Lord of the Flies - Primitive

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  • Topic: Primitive culture, Ritual, Korban
  • Pages : 3 (1154 words )
  • Download(s) : 451
  • Published : October 8, 1999
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"He looked in astonishment, no longer at himself but at an awesome stranger… He began to dance and his laughter became a bloodthirsty snarling… The face of red and white and black swung through the air…"

In the novel Lord of the Flies, an account of primitive religion is evident in the behavior of the hunting party. Initially, we will explore chant and uniform action and it's spiritual effects on the human mind and soul. Secondly, it will be discussed how primitive peoples gain satisfaction from conducting the act of sacrifice. Moreover, this research will go into depth about the transformation into a higher being and development of a new identity through ritualistic actions. Finally, primitive society's emphasis on fear-provoking, irrational behavior in comparison to modern society's insistence on rationality will be addressed.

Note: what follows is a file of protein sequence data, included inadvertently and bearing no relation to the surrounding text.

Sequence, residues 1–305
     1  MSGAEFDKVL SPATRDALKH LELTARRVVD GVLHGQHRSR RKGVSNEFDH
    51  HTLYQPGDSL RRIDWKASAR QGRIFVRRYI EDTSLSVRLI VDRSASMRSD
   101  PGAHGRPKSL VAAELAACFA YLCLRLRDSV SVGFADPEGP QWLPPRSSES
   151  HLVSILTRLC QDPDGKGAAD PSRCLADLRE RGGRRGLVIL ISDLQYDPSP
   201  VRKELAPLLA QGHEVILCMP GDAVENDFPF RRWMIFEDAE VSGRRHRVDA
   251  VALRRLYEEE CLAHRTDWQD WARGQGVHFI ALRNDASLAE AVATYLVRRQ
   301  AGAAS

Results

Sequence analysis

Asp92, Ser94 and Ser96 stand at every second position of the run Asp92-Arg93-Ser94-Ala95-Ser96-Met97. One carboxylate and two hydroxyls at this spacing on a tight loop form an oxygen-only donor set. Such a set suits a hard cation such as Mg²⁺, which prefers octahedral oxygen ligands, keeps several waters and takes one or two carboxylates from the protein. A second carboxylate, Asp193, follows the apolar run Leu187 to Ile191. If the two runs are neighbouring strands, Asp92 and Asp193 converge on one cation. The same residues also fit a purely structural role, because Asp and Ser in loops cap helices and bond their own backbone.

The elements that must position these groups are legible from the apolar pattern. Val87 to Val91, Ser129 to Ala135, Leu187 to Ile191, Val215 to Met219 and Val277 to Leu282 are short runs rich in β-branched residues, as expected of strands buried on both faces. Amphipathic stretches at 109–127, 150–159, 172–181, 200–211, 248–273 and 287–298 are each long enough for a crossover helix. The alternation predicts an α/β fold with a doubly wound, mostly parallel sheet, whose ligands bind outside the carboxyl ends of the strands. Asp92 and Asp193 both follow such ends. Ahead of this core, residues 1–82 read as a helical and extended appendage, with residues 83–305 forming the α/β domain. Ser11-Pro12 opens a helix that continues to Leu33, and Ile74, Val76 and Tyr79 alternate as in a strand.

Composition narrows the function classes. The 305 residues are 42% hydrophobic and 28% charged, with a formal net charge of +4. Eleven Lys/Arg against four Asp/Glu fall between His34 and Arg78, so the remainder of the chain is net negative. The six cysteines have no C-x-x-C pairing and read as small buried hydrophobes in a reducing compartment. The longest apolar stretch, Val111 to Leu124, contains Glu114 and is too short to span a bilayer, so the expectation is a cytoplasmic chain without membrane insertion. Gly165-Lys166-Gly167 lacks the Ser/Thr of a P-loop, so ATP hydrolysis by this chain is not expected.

In a primitive society, chanting is designed to provide a group with benefits such as the acquiring of material possessions, health, and monopoly over one's personal circumstances or those of another person. This ritual is performed until one feels satisfied, and/or has been led into spiritual contact with another realm. Another purpose of the chant is for one to feel a powerful being emerge within one's soul, resulting in a god-like sensation for a short amount of time. In the novel, one can perceive that the hunting party's vigorous chant ("Kill the beast! Spill her blood!") is one of their final retrogressions into savagery. Its repetitious, invigorating verse elates them, and when the procession finally ends, they behave in a trance-like, mystified demeanor. They begin speaking immediately in excited tones, feeling amazed at the feat they had accomplished. It is written that "the boys chattered and danced", obviously enthralled with their victory. It would be wise to conclude that the boys have derived a sense of power through performing the chant, and they are satisfied with their newfound strength and uniformity. For Jack,...
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